Ontario’s Special Investigations Unit scored a huge victory in today’s ruling by the Supreme Court of Canada.
The case stems from two shootings where civilians were killed by police. On both occasions, police officers were instructed by their superior officers to wait until they had spoken to counsel before taking notes (which could be admissible in court).
The families of the deceased challenged the officers’ right to counsel, applying to the Superior Court of Ontario for interpretation of the Police Services Act regarding access to counsel.
That application was originally dismissed, but then dealt with at the Ontario Court of Appeal. The appeal court issued a decision that would prevent lawyers from providing strategic counsel, but would allow for more basic legal advice.
Lawyers for the police appealed to the Supreme Court, arguing the limits on legal advice were too restrictive. Lawyers for the SIU then executed a bold counter: they cross-appealed, arguing that any legal counsel during note-taking — basic or otherwise — was inconsistent with the purpose of the police regulations.
The Supreme Court agreed, dismissing the police officers’ appeal and allowing the SIU’s appeal—prohibiting police officers under investigation from meeting with a lawyer prior to submitting notes.
Justice Michael Moldaver, writing for the majority, was strident in his reasoning: “Permitting police officers to consult with counsel before their notes are prepared is an anathema to the very transparency that the legislative scheme aims to promote.
“ . . . a reasonable member of the public would naturally question whether counsel’s assistance at the note-making stage is sought by officers to help them fulfill their duties as police officers, or if it is instead sought, in their self-interest, to protect themselves and their colleagues from the potential liability of an adverse SIU investigation.”
Justices Louis Lebel, Thomas Cromwell, and Morris Fish dissented on the SIU’s cross-appeal. They suggest that a “plain wording” interpretation of s. 7(1) of the Police Services Act entitles police officers under questioning to basic legal advice.
“This brief, informative conversation might . . . help to remind an officer of his or her duties in the circumstances and put the officer at ease after having experienced a potentially traumatic incident.”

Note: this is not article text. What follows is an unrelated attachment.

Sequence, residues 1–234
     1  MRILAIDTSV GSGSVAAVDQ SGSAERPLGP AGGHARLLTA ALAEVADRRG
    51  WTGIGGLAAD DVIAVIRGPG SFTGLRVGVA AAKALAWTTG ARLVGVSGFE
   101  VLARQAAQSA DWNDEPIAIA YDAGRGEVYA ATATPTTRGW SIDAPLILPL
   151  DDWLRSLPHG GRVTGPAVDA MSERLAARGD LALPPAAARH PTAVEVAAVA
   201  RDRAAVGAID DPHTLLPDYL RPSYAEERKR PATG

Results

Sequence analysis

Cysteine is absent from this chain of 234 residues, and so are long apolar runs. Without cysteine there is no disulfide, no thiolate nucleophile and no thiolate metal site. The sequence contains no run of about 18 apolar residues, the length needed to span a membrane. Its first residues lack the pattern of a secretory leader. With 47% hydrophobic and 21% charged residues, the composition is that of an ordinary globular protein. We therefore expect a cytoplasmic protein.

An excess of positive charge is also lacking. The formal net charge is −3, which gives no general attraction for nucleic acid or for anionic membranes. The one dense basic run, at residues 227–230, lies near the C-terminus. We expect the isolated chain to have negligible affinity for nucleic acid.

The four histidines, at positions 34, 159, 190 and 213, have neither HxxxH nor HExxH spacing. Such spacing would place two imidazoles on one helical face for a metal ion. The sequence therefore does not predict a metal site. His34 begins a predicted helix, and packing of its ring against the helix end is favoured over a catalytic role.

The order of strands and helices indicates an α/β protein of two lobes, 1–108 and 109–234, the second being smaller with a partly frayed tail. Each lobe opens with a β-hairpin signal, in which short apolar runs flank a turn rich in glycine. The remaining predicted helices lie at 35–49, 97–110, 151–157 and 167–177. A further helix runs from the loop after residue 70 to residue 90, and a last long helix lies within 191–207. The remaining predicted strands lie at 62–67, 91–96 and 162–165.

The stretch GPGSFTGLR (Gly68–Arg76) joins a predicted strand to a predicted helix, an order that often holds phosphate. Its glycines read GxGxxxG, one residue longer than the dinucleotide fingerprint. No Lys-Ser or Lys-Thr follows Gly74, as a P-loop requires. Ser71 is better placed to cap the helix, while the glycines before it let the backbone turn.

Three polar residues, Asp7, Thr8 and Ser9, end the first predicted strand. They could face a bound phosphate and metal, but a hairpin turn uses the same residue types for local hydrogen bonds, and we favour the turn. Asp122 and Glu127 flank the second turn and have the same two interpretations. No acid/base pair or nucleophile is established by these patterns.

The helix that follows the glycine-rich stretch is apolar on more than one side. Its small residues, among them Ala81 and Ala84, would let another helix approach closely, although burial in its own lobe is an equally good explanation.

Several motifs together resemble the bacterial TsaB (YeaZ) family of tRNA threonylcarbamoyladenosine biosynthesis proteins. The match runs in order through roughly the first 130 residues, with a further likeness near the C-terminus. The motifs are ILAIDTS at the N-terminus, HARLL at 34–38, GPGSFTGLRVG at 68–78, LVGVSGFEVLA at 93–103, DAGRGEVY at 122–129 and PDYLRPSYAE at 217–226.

The ruling, however, denies even this general level of advice: “. . . even the perfunctory consultation contemplated by the Court of Appeal is liable to cause the same threat to public confidence. . . . A loss of public trust would seem a high price to pay for an initial consultation. . . .”
André Marin, Ombudsman of Ontario, served as the director of Ontario’s SIU from 1996 to 1998. Marin is ecstatic about the decision, saying it plugs a giant hole that has plagued the SIU since its formation 23 years ago.
“We had an absurd situation where a lawyer could ghost-write the notes. They would take statements around the witness officer and then give advice to the subject officer. . . . And then you would have the lawyer redacting, deciding what would go in the notes and what wouldn’t go in the notes. It corrupted the evidence from the get-go.”
Marin says police unions have fought hard to keep their members’ right to counsel during questioning, but they overreached this time. Instead of just accepting what the appeal court had granted, the police unions took a huge risk and appealed, and lost big time.
“They challenged it and the SIU said, ‘Fine, we have nothing to lose. We’ll cross-appeal.”
Marin is particularly thrilled for the families involved.
“Nobody was prepared to go on a limb for this family. So that’s why I’m happy today.”
Brian Greenspan, counsel for the appellants, declined comment, noting his client would be issuing a statement shortly. Julian Falconer, counsel for the respondents, was unavailable for comment.